The University of Nottingham has been selected to host the Power Electronics spoke for the UK’s Advanced Propulsion Centre (APC).
The Advanced Propulsion Centre is a government-industry initiative established by BIS and the Automotive Council, as the delivery mechanism for a joint industry and government strategy. It aims to help the UK strengthen its position in advanced propulsion systems development and production.
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Power electronics has been identified as a key technology for the automotive industry, and the interests of this sector will be represented through a power electronics spoke. The University of Nottingham and APC has signed a memorandum of understanding in order to construct a relationship that fulfils both their aims.
The Advanced Propulsion Centre operates on a ‘hub and spoke’ model with the hub team working with a number of spokes across the UK to deliver support to industry for low carbon propulsion system projects, R&D, skills and process development and associated activities wherever it is needed.
The spokes, which will include The University of Nottingham for power electronics, will be the focus for communities with a common interest in a specific technology, bringing functional, technological and regional capability to the APC network to deliver the vision of a propulsion nation.
Power electronics is an integral part of the technology needed to underpin the low carbon economy. Electronics will be essential in all future sustainable energy scenarios, as it is the only technology that can deliver efficient and flexible conversion and conditioning of electrical energy.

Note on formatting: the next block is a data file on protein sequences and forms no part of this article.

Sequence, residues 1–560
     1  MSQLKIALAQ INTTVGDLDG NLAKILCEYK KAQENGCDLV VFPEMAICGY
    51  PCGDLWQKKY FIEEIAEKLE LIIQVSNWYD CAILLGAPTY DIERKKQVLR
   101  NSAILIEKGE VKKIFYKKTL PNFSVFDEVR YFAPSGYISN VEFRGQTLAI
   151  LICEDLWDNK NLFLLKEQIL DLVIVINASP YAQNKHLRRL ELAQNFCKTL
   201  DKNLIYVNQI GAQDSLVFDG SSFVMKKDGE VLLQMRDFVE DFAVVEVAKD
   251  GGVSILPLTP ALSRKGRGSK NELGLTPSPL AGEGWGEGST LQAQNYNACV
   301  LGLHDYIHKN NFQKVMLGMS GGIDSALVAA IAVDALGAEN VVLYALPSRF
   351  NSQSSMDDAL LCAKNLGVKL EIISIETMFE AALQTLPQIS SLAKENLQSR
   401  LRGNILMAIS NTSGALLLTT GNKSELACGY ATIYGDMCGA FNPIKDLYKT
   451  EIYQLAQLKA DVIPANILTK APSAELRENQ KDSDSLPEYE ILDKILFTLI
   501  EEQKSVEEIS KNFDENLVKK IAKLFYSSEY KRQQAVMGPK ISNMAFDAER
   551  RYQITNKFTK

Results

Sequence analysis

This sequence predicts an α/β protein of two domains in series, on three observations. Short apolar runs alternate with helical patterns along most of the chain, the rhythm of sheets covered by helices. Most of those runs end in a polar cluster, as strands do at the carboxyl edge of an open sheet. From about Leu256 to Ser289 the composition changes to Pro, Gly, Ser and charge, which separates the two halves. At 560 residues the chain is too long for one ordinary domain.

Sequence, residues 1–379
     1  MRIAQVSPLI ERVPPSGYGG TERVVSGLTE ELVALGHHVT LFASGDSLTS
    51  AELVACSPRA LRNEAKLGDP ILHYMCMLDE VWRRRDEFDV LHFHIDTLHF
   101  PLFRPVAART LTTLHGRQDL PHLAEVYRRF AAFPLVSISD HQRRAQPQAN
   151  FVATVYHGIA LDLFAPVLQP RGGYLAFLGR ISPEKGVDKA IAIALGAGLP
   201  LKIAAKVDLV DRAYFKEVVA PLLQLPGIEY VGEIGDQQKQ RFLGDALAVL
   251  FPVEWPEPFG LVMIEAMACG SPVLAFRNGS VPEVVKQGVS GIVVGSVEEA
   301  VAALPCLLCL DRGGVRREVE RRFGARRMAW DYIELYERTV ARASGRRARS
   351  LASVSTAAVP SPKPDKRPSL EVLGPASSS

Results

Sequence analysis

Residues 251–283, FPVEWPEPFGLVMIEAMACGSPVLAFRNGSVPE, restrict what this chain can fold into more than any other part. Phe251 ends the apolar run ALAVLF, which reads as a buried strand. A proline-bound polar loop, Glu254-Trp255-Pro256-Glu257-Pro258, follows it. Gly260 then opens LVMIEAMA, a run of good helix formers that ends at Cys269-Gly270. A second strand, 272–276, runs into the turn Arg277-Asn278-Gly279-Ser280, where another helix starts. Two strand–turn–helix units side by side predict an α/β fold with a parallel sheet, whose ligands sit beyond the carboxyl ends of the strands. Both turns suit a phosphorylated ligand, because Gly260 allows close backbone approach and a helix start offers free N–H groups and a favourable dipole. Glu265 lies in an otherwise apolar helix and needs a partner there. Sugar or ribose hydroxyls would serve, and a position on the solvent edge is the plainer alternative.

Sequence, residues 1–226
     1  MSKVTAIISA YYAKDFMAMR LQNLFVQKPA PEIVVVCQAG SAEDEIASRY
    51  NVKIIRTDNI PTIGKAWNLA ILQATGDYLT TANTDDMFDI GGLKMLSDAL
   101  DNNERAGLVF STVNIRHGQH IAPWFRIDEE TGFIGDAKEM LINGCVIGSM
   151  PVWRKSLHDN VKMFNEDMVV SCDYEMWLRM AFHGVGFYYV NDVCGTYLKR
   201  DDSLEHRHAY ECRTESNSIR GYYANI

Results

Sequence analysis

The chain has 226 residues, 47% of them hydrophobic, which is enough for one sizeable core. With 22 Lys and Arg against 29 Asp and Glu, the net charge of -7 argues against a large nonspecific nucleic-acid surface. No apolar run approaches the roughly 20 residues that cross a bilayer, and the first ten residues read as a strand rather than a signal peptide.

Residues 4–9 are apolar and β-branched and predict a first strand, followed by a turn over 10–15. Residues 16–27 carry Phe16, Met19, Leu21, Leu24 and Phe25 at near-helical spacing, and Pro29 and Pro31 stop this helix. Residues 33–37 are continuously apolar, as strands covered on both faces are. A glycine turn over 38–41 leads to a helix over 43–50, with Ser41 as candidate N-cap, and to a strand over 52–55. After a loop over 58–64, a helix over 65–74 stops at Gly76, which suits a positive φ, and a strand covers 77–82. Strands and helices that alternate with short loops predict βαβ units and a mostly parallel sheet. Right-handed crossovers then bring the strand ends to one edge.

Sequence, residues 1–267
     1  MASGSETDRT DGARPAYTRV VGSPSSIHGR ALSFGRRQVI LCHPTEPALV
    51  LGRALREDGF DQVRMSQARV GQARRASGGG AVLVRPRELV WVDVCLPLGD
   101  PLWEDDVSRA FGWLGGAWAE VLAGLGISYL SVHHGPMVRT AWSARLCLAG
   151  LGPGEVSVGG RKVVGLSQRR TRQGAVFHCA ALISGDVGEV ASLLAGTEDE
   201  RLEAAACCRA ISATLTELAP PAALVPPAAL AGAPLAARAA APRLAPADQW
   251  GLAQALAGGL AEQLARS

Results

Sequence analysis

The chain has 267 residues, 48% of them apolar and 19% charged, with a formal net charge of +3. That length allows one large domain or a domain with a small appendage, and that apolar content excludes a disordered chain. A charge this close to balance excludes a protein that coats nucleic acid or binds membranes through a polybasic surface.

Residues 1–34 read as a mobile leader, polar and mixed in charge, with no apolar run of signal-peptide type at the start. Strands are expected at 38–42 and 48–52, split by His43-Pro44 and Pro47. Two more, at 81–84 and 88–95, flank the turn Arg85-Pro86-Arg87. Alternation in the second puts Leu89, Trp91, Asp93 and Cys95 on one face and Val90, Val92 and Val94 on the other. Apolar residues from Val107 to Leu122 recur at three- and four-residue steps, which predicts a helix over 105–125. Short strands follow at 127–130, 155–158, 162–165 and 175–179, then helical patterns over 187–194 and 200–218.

120 active researchers will be stationed at Nottingham’s Power Electronics, Machines and Control (PEMC) research group. It is one of the largest groups in the field and also hosts the hub of the EPSRC National Centre for power electronics.
The spoke will identify significant challenges that the UK research community and industry will need to address as well as areas of investment necessary to ensure that the community has open access to world class facilities.
Professor Andy Long, dean of engineering and Professor of mechanics of materials, Faculty of Engineering, said: “We are very excited that APC has chosen The University of Nottingham to host the power electronics spoke. It is an opportunity to share our internationally renowned world-class expertise and research, spanning all key power electronic disciplines. The collaboration will further our work towards low carbon propulsion development and production.”